Shame on you: tough-love approach to obesity may backfire

Lenny Vartanian
Tuesday, 19 April, 2011
Bob Beale

Tough love may not be the way to motivate overweight and obese people to change their habits for the better, a new study suggests.

Indeed, trying to shame such people into healthier eating and doing more physical activity can sometimes have the opposite effect, according to new findings by a UNSW researcher published in the journal Obesity.

The study gives fresh insight into a negative cycle of thinking and attitudes behind weight problems, revealing that weight stigma can have a negative influence on overweight people’s motivation to exercise, says Dr Lenny Vartanian, a lecturer in the UNSW School of Psychology who studies the psychology of body image and weight bias and discrimination.

“Research tells us that shaming overweight and obese people into changing their diet and exercise behaviour does not work — it actually backfires, causing them to be less likely to diet and exercise,” says Dr Vartanian.

Dr Vartanian surveyed 111 adult men and women who responded to advertisements for a study on the “life experience of overweight individuals”. They were assessed with a variety of standard psychological questionnaires.

Almost half reported experiencing some form of weight stigma at least once a week. The more stigma they experienced, the more they thought negatively about themselves and the less motivated they were to exercise.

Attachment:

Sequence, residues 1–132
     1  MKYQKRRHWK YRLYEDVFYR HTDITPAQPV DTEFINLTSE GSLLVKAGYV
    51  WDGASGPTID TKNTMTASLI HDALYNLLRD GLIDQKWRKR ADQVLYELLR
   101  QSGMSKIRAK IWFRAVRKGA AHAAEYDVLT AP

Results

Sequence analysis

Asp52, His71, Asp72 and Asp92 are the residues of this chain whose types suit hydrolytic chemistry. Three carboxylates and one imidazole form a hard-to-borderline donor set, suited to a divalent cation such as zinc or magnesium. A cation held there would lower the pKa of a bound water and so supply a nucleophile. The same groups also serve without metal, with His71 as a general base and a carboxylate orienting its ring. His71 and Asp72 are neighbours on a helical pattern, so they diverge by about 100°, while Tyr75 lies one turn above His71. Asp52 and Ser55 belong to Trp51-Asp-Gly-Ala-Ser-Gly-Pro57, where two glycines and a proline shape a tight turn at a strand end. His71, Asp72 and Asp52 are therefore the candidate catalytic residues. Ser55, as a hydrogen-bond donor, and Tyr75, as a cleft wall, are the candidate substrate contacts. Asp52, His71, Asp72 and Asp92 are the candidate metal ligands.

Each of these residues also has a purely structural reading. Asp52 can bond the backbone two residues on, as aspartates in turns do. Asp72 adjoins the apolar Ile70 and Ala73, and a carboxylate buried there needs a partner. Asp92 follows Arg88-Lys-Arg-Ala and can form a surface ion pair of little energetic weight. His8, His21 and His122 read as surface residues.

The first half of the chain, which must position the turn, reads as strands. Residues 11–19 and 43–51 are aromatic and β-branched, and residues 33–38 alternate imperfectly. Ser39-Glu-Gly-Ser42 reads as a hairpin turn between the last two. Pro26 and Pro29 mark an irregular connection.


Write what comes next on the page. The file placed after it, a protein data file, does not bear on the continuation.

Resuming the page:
"In this study, it emerged that overweight and obese people regularly experience discrimination because of their weight.  These stigma experiences make them less likely to tackle their problem through healthy eating and exercise, especially for people who themselves adopt a thin-is-good-fat-is-bad attitude,” says Dr Vartanian.

"As well as the health problems they are more likely to encounter, overweight and obese people also suffer a great deal of prejudice, discrimination and poor treatment from others.

"There's growing evidence that this negative treatment from others not only has negative effects on their feelings about themselves but on their behaviour as well, which can ultimately worsen the impact on their physical health. Overweight children who are teased, for example, are reluctant to take part in physical activity at school. It looks increasingly like that is true for adults as well."

Media contacts:
Dr Lenny Vartanian - 02 9385 8758
Faculty of Science media liaison – Bob Beale 0411 705 435